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Fish Story

CAPE ROYDS, ROSS ISLAND, ANTARCTICA– Antarctic Toothfish has become a popular dish, known as Chilean sea bass, in many expensive restaurants around the world. Little is known about this large slow growing fish which does not reach maturity and begin to spawn until it is 16, and can live to be 50 years old. Once surviving the larval and juvenile stages (first few years), growing only a couple of centimeters and gaining only a kg of weight a year thereafter, these fish are a main food source for the top predators in the Southern Ocean, killer whales and Weddell seals. As a society we choose to protect Antarctic wildlife (penguins and such), but this should include the food source of these creatures as well as large predatory, shark-like fish. In recent years the take of Antarctic toothfish has increased which many believe will force Antarctic seals and whales to move elsewhere or die off. Already there appears to be fewer of these fish-eating killer whales in the southern Ross Sea.

For some time it was thought that Weddell seals did not eat the toothfish and therefore would not be affected by the reduction of these fish in the ocean. The fishing industry has pushed to increase catch limits based on this assumption. We’re learning, though, that this is not true by indirect means.

One way researchers determine what an animal eats is by sorting through their scats (body waste). Indigestible parts pass through the body of seals and whales and can be identified. In the case of fish, the ear bones, or otoliths, are used to determine not only what species of fish are eaten, but how old and large they are. Toothfish otoliths have not been found in seal waste. But recently we’ve learned why.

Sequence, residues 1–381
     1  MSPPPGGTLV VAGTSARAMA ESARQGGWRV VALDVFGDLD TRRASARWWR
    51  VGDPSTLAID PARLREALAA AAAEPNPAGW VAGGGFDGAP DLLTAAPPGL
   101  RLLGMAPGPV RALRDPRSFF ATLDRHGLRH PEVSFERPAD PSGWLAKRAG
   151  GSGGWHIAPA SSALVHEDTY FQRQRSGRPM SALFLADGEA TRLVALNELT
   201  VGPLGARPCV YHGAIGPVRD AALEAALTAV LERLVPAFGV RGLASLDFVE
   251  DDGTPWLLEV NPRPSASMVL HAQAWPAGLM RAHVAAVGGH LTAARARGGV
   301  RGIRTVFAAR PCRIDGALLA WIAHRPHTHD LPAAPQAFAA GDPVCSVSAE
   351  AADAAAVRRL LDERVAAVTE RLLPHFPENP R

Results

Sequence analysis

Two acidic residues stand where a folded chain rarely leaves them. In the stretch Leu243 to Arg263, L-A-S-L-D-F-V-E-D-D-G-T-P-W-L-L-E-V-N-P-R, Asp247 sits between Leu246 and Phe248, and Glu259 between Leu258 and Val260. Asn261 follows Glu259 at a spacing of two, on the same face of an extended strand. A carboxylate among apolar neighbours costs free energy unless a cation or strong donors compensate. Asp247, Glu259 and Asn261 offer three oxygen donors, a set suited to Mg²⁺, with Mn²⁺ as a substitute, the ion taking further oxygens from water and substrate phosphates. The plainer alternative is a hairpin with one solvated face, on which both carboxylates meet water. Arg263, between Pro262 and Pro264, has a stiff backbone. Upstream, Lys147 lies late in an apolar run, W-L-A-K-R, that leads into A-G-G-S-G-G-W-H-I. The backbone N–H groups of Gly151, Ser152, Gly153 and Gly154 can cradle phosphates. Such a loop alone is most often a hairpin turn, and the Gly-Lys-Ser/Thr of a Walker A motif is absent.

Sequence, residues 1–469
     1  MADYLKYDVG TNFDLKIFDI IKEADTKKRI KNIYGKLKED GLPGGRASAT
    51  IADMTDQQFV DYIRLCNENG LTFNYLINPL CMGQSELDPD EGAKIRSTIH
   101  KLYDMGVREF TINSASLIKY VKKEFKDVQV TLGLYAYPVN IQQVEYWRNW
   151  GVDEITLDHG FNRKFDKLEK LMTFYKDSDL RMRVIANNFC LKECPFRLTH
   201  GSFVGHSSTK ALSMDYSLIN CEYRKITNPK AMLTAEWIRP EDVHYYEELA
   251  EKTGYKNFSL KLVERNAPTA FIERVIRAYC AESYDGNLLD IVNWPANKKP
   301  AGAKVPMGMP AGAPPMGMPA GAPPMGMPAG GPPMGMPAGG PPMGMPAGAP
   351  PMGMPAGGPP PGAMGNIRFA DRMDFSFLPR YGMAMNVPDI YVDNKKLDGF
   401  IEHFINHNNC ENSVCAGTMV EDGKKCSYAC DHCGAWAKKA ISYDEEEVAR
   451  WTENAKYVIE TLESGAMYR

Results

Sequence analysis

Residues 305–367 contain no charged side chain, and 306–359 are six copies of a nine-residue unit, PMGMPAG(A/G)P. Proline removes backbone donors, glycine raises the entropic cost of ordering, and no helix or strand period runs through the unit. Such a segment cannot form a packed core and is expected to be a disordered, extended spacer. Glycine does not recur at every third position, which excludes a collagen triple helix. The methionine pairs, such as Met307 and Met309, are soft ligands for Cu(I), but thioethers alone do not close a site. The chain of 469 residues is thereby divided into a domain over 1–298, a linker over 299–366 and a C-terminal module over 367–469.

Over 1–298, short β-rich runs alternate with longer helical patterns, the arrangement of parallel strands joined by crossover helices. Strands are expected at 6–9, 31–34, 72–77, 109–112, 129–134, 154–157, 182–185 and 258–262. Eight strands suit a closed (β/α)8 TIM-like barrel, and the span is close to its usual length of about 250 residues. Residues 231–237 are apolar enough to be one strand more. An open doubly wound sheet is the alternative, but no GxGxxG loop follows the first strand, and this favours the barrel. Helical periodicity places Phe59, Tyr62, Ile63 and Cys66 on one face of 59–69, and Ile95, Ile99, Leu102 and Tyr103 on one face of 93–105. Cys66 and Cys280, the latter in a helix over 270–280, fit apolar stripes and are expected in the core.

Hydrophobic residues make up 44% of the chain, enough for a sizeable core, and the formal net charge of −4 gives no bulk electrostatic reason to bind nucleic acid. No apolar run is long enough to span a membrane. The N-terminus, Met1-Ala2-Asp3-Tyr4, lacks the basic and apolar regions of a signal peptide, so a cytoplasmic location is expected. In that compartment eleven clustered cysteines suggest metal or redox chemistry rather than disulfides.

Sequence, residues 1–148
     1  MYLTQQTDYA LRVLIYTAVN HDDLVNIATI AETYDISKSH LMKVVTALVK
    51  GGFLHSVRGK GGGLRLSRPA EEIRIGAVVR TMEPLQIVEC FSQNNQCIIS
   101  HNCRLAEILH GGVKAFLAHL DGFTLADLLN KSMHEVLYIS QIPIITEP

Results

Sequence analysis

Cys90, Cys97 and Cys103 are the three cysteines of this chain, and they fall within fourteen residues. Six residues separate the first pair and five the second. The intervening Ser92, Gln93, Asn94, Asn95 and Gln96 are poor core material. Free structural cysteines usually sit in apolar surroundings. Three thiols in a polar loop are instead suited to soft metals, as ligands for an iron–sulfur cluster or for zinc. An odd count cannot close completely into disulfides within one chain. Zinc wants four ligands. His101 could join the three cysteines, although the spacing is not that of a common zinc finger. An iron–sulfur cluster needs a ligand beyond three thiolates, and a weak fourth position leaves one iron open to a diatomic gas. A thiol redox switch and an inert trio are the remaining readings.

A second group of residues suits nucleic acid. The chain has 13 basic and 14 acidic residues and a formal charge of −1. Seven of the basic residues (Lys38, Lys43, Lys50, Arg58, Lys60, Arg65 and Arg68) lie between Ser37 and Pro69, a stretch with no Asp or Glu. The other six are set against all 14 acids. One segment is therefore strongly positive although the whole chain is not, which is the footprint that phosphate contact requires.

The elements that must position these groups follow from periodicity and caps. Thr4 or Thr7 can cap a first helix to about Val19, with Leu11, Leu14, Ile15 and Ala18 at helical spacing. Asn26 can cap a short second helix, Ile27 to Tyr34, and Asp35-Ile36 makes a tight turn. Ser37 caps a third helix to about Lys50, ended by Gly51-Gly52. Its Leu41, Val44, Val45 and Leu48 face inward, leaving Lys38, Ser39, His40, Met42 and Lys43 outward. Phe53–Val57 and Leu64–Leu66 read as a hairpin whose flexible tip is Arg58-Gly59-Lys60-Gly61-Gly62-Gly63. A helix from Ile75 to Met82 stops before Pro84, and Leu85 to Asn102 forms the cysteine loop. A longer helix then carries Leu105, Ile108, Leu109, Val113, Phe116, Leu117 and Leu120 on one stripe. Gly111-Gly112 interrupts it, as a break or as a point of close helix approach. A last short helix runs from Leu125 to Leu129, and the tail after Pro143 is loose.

Antarctic Toothfish ear bone (otolith).

As is the case with many discoveries chance plays a large part. While out on a diving expedition one researcher discovered the heads of many toothfish near a crack in the ice. The only predators in the area are seals, so these heads must be the remains of their meal. No wonder there are no otoliths in the seal waste, they don’t eat the heads! By observing seals in holes drilled through the ice for scuba access, it has been observed that seals remove the heads so this information was already known. But many people still doubt the implications of this or contend that it is a ‘local’ phenomenon. Finding these heads, in the company of seal holes, was another clear indication that this belief is wrong. Retrieving these heads would also mean that scientists could remove the ear bones (otoliths) and determine the age of the fish as well as where the fish grew up (one of the many mysteries about toothfish that remains unsolved).

The crack, where seals come to find toothfish hiding under the ice.

The helicopter landed us in this remote place on the McMurdo ice shelf.

So off we go. First a helicopter ride to the place where the fish heads were first found, and then a 10 km walk over and around the rough terrain along the crack in search of other evidence. All in all the remains of 30 fish were found, and 20 heads were brought back to the lab to extract the otoliths.

Antarctic toothfish heads, the remains of a Weddell seal feast.

Searching for Antarctic Toothfish heads on the McMurdo Ice Shelf crack.

Bagging Antarctic Toothfish heads.

As it turned out, most of the heads had become mummified, i.e. freeze-dried, and acidic action in the flesh during the process of decomposition in many cases dissolved the otoliths. There were just little ‘puffs’ of white stuff where the otoliths should have been. Skuas had eaten the otoliths in other of the heads. But, we did find otoliths in 6 heads, and these will be tested and analyzed in a lab in the US. Providing evidence to fishery biologists that toothfish are an important food source for seals will help the argument to limit the commercial catch.

Learn more about Antarctica toothfish and conserving the Ross Sea for all marine organisms by visiting The Last Ocean.

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One Response »

  1. Loved the pictures and love all that I learned from this blog!